Linux client with mdadm raid
First, thanks for a great project. I am a newbie to FOG and have a lot to learn.
I have not had any issue imaging any of our Windows workstations nor any linux machines on single hard drives.
I have been reading about how to create an image for a linux machine that has a mdadm raid disk setup. As I understand the documentation I have read, setting the “kernel options” to “mdadm-true” in 'Host Management" is all that is required? Leave “Host Primary Disk” blank?
This first client with mdadm is a simple two disk array (Raid1-mirror) linux machine. If I can start here, create an image, I can learn as I go.
Sorry to ask this simple question but, most of the searches (“FOG Project mdadm”) keep finding “Intel Raid” or “hardware raid” or “fakeraid” references. Not “mdadm” specifically.
Perhaps I overlooked the ‘mdadm client page’ in the wiki for this?
Are my client settings the correct attributes to use?
Capturing the screen “lsblk” output from a pxe client, I am not sure how to do? Suggestions?
Schedule a debug capture task for this client. Hit ENTER twice then you can run any command on the shell. Best if you can test mounting the RAID devices as well as getting a picture of
lsblkfrom that shell so we see how FOG sees your system.
Thanks for you help on this.
Yes, Ubuntu client.
Mounting the raid devices (/dev/md126 & /dev/md127) I fairly comfortable I can figure out how to do that. Capturing the screen “lsblk” output from a pxe client, I am not sure how to do? Suggestions?
@trebor Its been a while, just to be clear the target system is a linux OS?
If so, pxe boot back in debug mode and see if you can mount either /dev/md126 or /dev/md127 and confirm that your files exist. Also it would also be valuable to capture an output from
lsblkto see what FOS sees.
Sorry it has been a while. Had time to do as I was told and it still will not image.
The machine has five (5) drives. Two are the OS on raid1 (mirror) and the other three are a LVM volume of data that I do not have any interest in imaging.
The raid device FOG is seeing as “/dev/md126” (and /dev/md127) of the OS drives.
“cat /proc/mdstat” reports ‘good’ raid1.
Set host to be “captured” and the image fails “Could not find partitons (bin/fog.upload)” and will reboot in one minute.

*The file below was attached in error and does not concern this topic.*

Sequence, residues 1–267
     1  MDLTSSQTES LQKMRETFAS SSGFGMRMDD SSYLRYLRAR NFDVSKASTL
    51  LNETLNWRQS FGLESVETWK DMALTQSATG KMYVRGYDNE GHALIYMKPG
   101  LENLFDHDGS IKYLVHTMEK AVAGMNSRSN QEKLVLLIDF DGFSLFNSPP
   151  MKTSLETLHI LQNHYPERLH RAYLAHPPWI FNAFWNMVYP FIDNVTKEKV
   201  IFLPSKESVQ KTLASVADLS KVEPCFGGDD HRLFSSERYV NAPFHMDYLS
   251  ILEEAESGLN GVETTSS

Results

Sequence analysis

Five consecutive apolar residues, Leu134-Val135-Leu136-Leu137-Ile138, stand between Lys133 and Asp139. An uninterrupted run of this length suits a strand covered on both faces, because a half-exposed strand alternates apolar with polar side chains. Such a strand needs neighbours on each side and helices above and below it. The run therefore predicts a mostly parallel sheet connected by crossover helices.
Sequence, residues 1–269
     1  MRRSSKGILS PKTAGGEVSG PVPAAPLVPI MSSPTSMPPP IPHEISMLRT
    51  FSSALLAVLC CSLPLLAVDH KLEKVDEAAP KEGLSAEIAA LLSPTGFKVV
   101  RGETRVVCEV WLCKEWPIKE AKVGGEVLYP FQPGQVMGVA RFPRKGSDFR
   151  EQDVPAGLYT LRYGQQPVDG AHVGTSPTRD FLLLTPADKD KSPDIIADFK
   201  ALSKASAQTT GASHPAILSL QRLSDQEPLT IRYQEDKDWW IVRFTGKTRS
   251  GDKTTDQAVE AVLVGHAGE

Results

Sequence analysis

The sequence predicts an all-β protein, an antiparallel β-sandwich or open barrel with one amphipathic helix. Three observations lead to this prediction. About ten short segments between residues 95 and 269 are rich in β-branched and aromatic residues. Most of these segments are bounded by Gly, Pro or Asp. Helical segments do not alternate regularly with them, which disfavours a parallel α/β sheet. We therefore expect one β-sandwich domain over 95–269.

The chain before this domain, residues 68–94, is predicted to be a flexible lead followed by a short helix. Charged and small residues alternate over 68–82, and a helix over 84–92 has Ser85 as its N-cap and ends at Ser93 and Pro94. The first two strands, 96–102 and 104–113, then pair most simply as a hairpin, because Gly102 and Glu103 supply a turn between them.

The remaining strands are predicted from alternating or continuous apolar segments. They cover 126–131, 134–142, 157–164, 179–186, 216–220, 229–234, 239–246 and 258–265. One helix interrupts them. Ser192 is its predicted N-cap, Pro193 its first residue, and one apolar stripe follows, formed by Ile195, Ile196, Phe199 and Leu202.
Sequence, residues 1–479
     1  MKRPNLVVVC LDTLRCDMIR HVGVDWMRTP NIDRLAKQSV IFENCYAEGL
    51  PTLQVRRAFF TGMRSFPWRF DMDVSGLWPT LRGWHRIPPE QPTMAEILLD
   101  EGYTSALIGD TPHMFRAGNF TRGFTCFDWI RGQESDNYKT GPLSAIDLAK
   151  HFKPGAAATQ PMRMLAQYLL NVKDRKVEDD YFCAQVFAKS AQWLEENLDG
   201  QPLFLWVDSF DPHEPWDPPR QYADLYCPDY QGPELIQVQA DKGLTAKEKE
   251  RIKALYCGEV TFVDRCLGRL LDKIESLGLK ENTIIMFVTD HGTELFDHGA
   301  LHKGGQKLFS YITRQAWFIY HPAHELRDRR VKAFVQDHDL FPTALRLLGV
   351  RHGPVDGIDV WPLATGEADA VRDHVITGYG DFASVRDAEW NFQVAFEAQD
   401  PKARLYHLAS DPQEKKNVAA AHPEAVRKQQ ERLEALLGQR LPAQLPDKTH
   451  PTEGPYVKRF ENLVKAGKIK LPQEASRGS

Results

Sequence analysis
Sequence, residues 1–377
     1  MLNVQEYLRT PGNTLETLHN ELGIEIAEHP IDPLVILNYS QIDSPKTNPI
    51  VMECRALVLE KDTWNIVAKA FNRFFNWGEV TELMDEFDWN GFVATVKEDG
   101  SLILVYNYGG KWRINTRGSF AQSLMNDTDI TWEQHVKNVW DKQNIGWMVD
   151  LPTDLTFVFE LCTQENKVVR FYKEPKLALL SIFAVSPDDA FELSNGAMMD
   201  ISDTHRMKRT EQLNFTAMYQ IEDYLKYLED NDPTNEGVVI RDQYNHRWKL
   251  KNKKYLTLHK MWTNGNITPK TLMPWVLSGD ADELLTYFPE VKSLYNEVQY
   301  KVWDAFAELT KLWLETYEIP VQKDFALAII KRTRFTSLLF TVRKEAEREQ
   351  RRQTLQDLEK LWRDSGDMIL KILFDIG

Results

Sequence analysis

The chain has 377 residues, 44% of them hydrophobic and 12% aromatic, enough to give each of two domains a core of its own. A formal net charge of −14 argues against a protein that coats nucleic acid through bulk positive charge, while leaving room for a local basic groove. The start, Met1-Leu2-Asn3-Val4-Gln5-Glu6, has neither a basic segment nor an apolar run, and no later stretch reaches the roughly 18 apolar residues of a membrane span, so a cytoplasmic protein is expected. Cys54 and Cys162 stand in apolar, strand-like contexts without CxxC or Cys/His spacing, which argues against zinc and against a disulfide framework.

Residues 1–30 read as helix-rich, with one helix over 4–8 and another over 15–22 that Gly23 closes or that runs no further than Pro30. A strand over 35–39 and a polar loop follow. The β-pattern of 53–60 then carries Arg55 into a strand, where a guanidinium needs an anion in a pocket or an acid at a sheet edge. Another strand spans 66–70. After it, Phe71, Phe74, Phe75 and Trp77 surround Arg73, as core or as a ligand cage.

I deleted the host and re-inventoried it and set “Host Kernel Arguments” to ‘mdraid=true’ and “Host Primary Disk” to ‘/dev/md126’ but it still fails with same waring.
@trebor I guess the simple fact is this:
Yes we are behind moving documents in the tutorial (instructions and discussions) to the wiki. We could always use more hands to help with the documentation processes. The second part is based on demand. Not a lot of people are asking about software raids in FOG. But you are right, it would be easier if everything was in the wiki. That I can’t dispute.
@trebor So, I’m new to FOG and not familiar with all the related terms. Maybe I searched for the wrong terms but, I have to ask, why isn’t this information (https://forums.fogproject.org/topic/7882/capture-deploy-to-target-computers-using-intel-rapid-storage-onboard-raid) incorporated into a easy to find wiki page yet? Me, the newbie, maybe the tags “mdadm” should be included? I don’t know, just suggesting.
Thanks for the quick reply george1421.
The page I have been looking for! https://forums.fogproject.org/topic/7882/capture-deploy-to-target-computers-using-intel-rapid-storage-onboard-raid
While I haven’t personally imaged a linux computer using a software raid, the same rules should apply as the fake-raid articles. The FOS (Fog Operating System) [the software that runs on the target computer to capture and deploy images] is based on linux. So you have a good chance on getting FOS to copy your linux image. You do need to set the kernel parameter
mdraid=truethis tells FOS to load the raid kernel drivers. You should set that in the host definition for that computer. The next thing you will need to set is what is the raid array device known by inside linux? Its going to be know by /dev/md0? If that is its device ID then that is the value you key in to the host definition. Its important to know the device definition is what FOS sees not your target’s host OS.
One way to debug this is to:
- Manually register this host.
- Set the kernel parameter
- Schedule a capture or deploy (for this part it doesn’t matter which) but before you hit the submit button check the option for debug.
- Now pxe boot your target computer.
- After a few enter key presses you will be dropped to a command prompt on the target computer.
- Key in
lsblkand review what FOS sees.
That should tell you what device FOS is seeing the software raid as. Key that into the host definition.